Animation: If their was anything that got me into seeing this movie, it was defiantly its animation. My god is this film beautiful. The characters look attractive and really capture that native look of the Polynesian culture along with their traditions and outfits. The enviornments and lush and filled with plantlife on Motunui and the ocean, oh my god the ocean, you could just drown in it, but in a good way. It is rendered so smoothly and with such careful craft that the animators must have felt proud of it and relieved when they were finished with it XD. But if their was one thing that got me excited the most was the use of traditional animation that not only help set up the story of Te Fiti and the song number “You’re Welcome” but tattoo Maui is animated in the style with incredible results that give off such a great pantomime and expressionis thanks to the Supervision of Disney’s great animator Eric Goldberg (supervising animator on Genie, Phil from Hercules, and Louis from Princess and the Frog)
Music: This is quite the soundtrack. Lets start with the score which is done by Mark Mancini (Tarzan, Brother Bear, Planes) who was able to capture the authentic beats and flavors of the Polynesian culture perfectly. This has to be one of the most traditional scores I have heard since Brother Bear (which was done by him too) and the songs, oh my goodness the songs, they are well written and wonderfully sung, thanks to the ever incredible Lin-Manuel Miranda (Hamilton) and Opetaiti Foa’I (Te Vaka) The song “How Far I’ll Go” is this years “Let it Go” and “You’re Welcome” is a strong testament to how you make a song that not only accompanies someone like Dwayne, but helps capture the personality of someone like Maui and my personal favorites are “We Know the Way” which tells about how Moanas people were voyagers before the island curses and has this very traditional Polynesian language making it very reminiscent to songs like “Steady as the Beating Drum” (Pocahontas) and “Transformation” (Brother Bear) and my other favorite is “Shiny” which is sung by Jemaine Clement who gives off this kind of David Bowie like impersonation accompanied by some rather silly lyrics about how he looks on the outside and also shedding some light on his thoughts towards Moana and backstory of Maui which is very clever song writing that you don’t hear very much these days, so props off to Lin-Manuel and Opetaiti.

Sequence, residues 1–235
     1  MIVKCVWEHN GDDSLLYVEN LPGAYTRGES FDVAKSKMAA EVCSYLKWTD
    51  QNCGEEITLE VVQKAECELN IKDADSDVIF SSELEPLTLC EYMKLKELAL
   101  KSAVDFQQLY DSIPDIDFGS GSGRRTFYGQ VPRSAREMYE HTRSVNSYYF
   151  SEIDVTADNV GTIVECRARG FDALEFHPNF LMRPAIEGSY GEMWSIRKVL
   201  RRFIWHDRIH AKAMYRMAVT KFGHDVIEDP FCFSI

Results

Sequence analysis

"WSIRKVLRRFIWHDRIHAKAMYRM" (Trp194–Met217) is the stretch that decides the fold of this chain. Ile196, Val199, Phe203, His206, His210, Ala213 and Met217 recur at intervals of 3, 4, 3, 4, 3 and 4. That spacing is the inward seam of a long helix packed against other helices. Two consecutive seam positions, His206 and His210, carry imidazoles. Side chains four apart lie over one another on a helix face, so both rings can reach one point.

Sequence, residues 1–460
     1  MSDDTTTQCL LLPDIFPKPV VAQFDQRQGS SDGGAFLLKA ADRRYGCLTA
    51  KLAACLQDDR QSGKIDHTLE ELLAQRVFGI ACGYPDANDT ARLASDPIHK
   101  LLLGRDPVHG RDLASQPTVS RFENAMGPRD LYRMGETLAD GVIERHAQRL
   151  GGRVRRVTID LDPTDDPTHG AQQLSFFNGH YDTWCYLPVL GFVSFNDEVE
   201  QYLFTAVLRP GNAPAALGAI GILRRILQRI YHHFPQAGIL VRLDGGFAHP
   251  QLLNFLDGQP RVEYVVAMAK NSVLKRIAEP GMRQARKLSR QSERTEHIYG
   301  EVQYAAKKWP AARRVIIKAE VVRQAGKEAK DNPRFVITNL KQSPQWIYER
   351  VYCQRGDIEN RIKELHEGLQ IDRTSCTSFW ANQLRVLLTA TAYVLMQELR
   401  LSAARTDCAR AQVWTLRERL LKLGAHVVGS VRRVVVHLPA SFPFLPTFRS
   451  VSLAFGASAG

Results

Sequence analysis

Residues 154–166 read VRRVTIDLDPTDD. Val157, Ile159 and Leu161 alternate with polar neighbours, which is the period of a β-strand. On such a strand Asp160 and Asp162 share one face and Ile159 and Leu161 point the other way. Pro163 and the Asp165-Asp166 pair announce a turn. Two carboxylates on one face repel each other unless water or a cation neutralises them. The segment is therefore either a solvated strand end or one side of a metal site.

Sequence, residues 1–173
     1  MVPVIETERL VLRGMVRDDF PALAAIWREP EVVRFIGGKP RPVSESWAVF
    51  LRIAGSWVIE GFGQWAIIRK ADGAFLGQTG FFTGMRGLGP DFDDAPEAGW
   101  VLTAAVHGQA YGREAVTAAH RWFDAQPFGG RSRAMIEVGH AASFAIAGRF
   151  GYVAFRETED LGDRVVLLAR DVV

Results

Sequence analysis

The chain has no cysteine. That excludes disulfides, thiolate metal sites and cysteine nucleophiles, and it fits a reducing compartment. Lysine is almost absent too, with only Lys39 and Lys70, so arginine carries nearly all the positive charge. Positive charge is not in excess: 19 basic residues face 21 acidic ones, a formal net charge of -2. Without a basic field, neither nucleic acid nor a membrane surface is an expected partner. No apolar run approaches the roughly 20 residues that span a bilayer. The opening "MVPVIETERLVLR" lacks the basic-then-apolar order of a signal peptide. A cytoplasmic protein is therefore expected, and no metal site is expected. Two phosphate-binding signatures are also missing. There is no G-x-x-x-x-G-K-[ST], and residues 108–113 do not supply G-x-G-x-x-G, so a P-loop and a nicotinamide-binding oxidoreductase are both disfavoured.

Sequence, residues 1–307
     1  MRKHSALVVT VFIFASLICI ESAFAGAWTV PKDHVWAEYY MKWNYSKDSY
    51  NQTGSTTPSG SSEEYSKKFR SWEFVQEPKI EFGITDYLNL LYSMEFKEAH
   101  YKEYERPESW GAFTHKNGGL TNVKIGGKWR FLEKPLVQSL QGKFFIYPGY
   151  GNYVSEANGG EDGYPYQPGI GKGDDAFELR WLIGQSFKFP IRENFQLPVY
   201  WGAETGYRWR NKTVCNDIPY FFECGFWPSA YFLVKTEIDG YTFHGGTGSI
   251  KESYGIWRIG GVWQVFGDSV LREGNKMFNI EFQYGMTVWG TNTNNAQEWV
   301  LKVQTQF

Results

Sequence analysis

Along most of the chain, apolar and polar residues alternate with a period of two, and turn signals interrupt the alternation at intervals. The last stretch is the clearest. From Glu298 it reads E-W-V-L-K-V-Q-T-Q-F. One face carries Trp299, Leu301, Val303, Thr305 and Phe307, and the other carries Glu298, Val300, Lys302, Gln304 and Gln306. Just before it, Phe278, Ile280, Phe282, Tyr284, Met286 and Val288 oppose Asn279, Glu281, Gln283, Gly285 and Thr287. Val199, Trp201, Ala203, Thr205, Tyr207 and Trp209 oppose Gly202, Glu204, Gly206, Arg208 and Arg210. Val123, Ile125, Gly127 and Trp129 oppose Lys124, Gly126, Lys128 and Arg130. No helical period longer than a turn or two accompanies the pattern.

In the longrun, I give this film a 9.5 out of 10. It is high up there with the other greats of this year like Zootopia and Kubo and the Two Strings and is a must see for anyone who loves Disney, musicals, or even fans of Lin-Manuel and the Directors Jon Musker and Ron Clements who have also directed The Great Mouse Detective, Little Mermaid, Aladdin, Hercules, Treasure Planet, and Princess and the Frog, which is something I should bring up in the marketing of this film. They mention that Moana is from the studio that did Frozen and Zootopia, which is fine, but it would have been nice if they added “From the directors of The Little Mermaid and the Princess and the Frog” I mean hey, they did it that way for Princess and Frog, why not this one. I just think it’s important that they bring up it was done by the two directors who basically helped launch Disney into their renaissance back in the late 80s early 90s. But I digress.
2 years, 4 months ago
09 Dec 2016 22:53 CET